Warning: rant follows.

I need to get this off my chest.

On Saturday morning, I was sat in bed waiting for everyone else to wake up, scrolling through Facebook.

And I saw something that made the hairs on my chest curl.

(Luckily for us all, that is a euphemism).

I’m not going to go into any details, but here is what I will say:

I am SICK TO DEATH of seeing fear-based marketing tactics employed in the name of ‘making a difference’.

I am TIRED of seeing entrepreneurs preying on the weaknesses of others, and manipulating their emotions.

I am WEARY of the whole ‘I made a million in a month…and I can show you how!’.

I am DONE with people telling me they know more about what’s best for me than I do. (Probably because for a moment, I actually start to believe them).

I’m not denying that overnight success stories are possible. I’m incredibly happy for those it has happened to. (Personally, it’s not something I aspire to – because once you’ve made your millions, how will you continue to make them? Not for me – I’d rather grow my business slowly, and sustainably).

But how much of it all is smoke and mirrors?

Creating (and running) a business is HARD FREAKIN’ WORK.

It’s draining. It’s exhausting. It’s wonderful, but it can feel like wading through mud.

Or maybe that’s just me?

Maybe it’s just me that has found creating a heart-centred business to be a long, slow, emotional, drawn-out process – as fulfilling as it may be?

The general marketing theory goes:

1) Highlight their pain, their fears
2) Paint a picture of what life could be
3) Position yourself as having THE one solution to solving their pain

(I’m over-generalising here, I know).

I’m not saying that this can’t be used in a genuine, loving way – but I’m sick of seeing it used in a way that is so passive-aggressive, and supposedly wrapped in ‘it’s for their own good’.

Here’s the problem for me as ‘marketer’:

Who am I to presume to know what my customer’s deepest, darkest, most sensitive fears are?

Even if I did know what those fears were, what on earth would give me the right to presume to know their insecurities, and use them to fuel my business?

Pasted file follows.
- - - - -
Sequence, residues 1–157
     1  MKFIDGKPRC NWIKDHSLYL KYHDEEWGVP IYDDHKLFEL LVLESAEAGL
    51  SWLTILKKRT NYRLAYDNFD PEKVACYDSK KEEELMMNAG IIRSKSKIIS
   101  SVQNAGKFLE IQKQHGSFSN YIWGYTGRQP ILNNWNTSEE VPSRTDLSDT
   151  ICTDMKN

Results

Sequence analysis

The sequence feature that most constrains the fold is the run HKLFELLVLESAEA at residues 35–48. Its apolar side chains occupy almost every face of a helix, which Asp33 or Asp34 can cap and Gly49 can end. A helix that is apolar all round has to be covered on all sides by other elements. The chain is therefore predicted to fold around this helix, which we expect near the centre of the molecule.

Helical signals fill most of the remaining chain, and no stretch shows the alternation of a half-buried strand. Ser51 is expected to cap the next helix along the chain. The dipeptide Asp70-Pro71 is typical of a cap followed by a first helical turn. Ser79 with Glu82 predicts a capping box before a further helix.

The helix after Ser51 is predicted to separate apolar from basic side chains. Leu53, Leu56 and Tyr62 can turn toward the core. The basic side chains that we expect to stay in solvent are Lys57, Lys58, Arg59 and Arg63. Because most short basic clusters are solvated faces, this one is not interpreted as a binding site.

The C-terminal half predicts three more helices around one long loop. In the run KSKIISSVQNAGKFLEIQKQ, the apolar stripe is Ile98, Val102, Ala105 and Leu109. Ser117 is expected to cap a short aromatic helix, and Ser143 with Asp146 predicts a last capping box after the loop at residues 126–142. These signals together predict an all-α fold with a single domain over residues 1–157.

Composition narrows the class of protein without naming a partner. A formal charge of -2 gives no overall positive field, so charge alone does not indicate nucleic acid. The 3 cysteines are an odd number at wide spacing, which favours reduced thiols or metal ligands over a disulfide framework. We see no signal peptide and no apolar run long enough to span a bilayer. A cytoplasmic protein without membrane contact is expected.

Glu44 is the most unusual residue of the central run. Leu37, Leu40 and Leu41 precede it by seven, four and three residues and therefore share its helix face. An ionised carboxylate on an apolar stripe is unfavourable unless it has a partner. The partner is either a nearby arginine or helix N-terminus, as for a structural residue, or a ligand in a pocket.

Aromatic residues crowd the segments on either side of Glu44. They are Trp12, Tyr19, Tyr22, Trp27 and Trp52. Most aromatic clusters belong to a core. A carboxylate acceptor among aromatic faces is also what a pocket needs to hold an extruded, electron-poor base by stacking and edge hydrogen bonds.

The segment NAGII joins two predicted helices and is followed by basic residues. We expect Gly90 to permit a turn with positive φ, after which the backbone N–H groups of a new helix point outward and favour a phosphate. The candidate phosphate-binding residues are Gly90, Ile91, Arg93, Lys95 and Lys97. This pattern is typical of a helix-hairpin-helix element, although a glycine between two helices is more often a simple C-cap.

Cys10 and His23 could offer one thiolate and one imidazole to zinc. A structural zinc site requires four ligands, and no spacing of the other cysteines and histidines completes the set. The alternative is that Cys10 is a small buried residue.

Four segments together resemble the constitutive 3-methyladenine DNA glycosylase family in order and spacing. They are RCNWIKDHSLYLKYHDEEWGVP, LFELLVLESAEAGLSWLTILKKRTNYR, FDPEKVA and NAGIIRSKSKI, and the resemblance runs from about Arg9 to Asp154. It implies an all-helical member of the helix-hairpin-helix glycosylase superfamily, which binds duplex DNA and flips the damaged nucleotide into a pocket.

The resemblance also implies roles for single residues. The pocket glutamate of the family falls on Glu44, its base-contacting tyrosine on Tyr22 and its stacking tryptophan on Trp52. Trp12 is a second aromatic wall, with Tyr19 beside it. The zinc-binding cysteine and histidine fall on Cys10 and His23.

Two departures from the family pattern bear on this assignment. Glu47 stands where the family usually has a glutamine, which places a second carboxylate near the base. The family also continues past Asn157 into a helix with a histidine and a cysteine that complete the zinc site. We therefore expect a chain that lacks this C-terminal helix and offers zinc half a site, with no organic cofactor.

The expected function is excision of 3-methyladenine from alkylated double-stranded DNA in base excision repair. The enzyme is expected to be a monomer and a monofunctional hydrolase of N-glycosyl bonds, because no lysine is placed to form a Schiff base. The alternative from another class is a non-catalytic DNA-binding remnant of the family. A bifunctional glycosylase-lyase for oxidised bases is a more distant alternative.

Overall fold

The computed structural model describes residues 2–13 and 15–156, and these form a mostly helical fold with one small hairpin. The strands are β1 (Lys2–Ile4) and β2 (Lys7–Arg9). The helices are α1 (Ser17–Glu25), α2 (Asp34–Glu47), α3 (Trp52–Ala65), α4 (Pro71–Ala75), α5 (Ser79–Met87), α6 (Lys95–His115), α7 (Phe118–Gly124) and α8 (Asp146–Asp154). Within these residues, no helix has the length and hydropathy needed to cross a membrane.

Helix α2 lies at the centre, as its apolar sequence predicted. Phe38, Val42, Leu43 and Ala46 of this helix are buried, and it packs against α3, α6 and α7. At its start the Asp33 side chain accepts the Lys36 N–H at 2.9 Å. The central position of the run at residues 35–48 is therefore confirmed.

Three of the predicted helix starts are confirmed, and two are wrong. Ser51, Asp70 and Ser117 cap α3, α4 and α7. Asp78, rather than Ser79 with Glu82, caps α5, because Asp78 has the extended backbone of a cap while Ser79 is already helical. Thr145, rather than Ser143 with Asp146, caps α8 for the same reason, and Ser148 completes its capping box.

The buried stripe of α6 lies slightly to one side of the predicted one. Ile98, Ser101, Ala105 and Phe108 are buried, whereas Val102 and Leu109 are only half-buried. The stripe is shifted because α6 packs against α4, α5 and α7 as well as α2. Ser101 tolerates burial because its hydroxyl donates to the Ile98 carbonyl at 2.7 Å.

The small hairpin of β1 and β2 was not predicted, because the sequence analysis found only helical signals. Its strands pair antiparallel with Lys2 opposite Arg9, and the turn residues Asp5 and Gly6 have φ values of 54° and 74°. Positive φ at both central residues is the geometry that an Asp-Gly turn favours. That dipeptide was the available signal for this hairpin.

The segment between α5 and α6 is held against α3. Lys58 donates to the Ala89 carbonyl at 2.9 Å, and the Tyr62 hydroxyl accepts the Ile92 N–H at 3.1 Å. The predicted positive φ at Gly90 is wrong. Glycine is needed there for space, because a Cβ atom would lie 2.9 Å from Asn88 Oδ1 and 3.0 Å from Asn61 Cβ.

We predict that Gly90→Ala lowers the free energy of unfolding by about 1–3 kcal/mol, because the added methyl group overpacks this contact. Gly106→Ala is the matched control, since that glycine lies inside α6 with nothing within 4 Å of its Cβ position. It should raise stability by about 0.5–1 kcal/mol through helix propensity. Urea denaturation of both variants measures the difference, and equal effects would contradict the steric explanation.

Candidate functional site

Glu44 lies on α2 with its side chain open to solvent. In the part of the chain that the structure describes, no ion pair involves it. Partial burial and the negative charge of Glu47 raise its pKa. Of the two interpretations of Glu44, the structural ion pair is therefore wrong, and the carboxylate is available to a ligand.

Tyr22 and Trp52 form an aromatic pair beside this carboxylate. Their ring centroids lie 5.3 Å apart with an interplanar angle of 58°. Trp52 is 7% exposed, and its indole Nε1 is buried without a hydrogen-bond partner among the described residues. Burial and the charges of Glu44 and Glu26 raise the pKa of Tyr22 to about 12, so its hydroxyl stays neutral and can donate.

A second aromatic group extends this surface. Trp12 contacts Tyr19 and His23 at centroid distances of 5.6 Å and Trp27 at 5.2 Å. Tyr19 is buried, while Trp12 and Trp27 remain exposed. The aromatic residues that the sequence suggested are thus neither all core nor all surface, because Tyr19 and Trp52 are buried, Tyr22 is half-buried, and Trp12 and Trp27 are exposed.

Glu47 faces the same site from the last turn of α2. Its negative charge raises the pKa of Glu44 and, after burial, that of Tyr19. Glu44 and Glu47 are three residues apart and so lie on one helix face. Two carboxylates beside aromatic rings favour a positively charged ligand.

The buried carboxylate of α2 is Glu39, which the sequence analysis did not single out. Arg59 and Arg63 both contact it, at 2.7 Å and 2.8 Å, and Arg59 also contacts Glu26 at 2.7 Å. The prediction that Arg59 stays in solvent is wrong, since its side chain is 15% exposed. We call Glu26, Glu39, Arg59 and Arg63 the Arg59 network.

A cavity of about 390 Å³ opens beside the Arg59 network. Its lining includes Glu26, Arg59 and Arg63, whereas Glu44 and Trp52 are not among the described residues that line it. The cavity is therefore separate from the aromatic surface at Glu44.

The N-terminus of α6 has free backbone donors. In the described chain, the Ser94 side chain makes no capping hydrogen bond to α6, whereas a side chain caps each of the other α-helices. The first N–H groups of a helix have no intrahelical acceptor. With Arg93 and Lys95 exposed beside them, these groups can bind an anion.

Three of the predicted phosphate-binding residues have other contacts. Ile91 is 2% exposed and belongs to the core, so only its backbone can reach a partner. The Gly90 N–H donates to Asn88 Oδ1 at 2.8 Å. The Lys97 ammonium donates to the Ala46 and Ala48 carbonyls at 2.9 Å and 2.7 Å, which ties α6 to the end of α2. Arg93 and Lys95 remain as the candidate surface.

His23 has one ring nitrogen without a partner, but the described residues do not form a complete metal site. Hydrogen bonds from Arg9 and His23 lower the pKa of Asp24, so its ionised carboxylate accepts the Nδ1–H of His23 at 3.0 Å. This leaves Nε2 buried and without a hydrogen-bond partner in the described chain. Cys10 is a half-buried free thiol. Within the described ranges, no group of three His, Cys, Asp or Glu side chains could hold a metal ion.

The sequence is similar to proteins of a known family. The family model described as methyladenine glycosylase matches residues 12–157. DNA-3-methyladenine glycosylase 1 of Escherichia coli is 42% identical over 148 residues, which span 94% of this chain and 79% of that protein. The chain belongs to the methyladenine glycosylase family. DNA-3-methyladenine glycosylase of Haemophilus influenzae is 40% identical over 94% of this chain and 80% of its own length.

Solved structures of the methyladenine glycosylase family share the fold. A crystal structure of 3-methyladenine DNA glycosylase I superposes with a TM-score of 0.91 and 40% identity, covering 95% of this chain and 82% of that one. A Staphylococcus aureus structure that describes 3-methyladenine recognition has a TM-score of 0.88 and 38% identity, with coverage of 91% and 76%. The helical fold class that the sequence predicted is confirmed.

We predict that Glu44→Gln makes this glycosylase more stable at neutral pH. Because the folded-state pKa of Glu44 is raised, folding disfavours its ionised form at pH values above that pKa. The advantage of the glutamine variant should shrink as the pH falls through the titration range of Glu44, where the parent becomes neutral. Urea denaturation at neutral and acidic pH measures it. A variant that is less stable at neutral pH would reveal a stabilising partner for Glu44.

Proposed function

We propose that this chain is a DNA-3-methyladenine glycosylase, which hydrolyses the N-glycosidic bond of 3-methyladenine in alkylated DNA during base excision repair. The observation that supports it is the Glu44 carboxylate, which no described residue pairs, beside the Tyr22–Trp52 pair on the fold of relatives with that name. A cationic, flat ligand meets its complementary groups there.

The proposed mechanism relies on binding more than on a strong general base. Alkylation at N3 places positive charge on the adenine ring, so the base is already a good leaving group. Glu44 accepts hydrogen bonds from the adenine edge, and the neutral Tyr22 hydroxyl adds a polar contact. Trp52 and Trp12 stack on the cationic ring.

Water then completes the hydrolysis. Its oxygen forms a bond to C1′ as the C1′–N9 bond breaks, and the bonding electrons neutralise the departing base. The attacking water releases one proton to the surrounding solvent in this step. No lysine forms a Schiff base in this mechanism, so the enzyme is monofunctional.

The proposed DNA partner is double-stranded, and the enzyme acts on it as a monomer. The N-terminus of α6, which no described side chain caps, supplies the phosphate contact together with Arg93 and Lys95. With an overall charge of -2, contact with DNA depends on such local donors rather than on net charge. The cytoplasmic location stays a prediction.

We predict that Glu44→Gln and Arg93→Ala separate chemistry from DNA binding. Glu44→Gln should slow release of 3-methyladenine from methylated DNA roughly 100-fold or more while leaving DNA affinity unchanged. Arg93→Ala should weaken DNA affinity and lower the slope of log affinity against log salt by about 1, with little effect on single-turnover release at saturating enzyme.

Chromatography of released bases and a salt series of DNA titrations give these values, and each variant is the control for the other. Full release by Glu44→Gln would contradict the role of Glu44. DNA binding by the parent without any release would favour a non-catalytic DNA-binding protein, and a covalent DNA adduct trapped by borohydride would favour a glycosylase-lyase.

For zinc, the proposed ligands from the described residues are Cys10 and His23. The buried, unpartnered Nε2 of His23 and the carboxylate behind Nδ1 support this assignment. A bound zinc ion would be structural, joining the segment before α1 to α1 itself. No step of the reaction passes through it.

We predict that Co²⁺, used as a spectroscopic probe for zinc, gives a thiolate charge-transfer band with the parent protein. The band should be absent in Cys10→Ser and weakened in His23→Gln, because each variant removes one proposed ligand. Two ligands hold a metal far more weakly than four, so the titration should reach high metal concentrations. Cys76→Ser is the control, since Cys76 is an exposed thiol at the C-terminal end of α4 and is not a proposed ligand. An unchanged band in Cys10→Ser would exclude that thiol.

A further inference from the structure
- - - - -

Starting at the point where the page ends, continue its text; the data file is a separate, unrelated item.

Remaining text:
I know, I know. If you genuinely have a product or service that could genuinely help someone (emphasis on the word ‘genuine’), then you’d be doing a disservice in not highlighting that someone has a problem, and providing them with a way to solve it.

I get it, I really do.

But so often, that’s not what I see.

What I see is:

You don’t have enough money to feed your babies.
I made a million in a month.
For just $2000 you can learn my EXACT formula for overnight success.

Of course, this can be substituted for similar scenarios across all industries (I’m just using business here because it’s close to my heart).

Of course, intentions can’t be proven to be genuine or not.

But I feel it.

I feel your inauthenticity.

I feel your peer pressure.

I feel it when you’re saying the words, but something just doesn’t quite add up.

I feel it when you’re saying all the right words to make us feel insecure about the situations we find ourselves in – not because you genuinely care, but because you know it positions us in a way that we’re tempted to put your solution on our credit card.

I could go on forever, but I have babies to feed. (Literally – they’re circling round my ankles).

Thank you for reading. Please – don’t judge me for my opinions, or think I’m tarring all marketers with the same brush.

I just believe that the collective ‘we’ can do better.

Have something to say on this? I’d love to hear it in the comments below.

A rather disgruntled C xo